With its remarkable upward trajectory, the world’s greatest virtual currency continues. Bitcoin sailed past the $30,000 mark for the first time in its history on Saturday morning, January 2, and jumped as high as $33,000 before slipping down to $32,000 by late Saturday afternoon.

The leading cryptocurrency traded at about $10,000 in early September 2020 and did not reach the $20,000 mark until December 16, just three weeks ago. Bitcoin soared past $28,000 the day after Christmas.

The largest cryptocurrency has advanced nearly 50 percent in December alone and added almost another 9 percent on Saturday. The market capitalization of Bitcoin is over $600 billion now.

Bitcoin, however, was not the only crypto asset that on Saturday lifted its value. Other smaller rivals have also seen a price spike during crypto trading, such as Chainlink, Litecoin, and Ethereum.

Several crypto experts have, meanwhile, released their views on the recent rally. The head of trading at the NEM crypto firm, Nicholas Pelecanos, has predicted that on Valentine’s day, the value of the largest cryptocurrency will rise to $50,000.

Similarly, in mid-December, Scott Minerd, the CEO of Guggenheim Investments, said that the price of Bitcoin would ultimately grow to around $400,000.

A crypto trader and former TV news anchor, Glen Goodman, has a different version of the story. Goodman reported last month:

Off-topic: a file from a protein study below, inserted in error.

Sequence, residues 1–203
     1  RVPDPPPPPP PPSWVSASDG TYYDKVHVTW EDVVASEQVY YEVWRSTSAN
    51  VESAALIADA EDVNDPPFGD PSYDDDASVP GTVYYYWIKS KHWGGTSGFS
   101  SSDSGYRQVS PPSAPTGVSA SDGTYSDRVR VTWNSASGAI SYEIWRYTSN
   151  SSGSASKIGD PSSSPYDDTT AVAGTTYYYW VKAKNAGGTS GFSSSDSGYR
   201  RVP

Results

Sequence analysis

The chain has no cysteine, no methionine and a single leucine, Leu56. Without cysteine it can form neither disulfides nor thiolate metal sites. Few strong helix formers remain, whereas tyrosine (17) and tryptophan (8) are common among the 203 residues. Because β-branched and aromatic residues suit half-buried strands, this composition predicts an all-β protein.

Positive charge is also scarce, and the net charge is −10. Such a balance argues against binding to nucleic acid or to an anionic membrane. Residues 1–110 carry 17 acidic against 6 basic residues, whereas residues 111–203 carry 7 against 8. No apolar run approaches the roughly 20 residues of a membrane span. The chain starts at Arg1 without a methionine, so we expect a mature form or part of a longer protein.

“History has a warning for people buying at the new all-time-high. While I’m optimistic about the long-term prospects for Bitcoin, four years ago we had a very similar situation with Bitcoin breaking new ground, but just two weeks later its price plummeted by more than a third.”

The crypto asset has a long history of volatility, and sooner or later, most analysts anticipate some correction from the current rally. In 2017, when Bitcoin soared to about $20,000, the initial big price surge occurred, but then lost over 80 percent of its value over the following 12 months.

Over the previous year, the leading cryptocurrency has risen immensely. It has generally attracted more attention from retail and institutional investors who see the digital currency as a haven asset during the pandemic of Covid-19.

People have been losing confidence in their government-backed fiat currencies, and this fall has been exacerbated by monetary policies resulting from the economic effects of the COVID-19 pandemic.

Many institutional investors have determined the acceptance of virtual currencies. Support for crypto transactions has been introduced by firms such as PayPal. During the coronavirus pandemic, various retail investors have turned to digital currencies as a haven.

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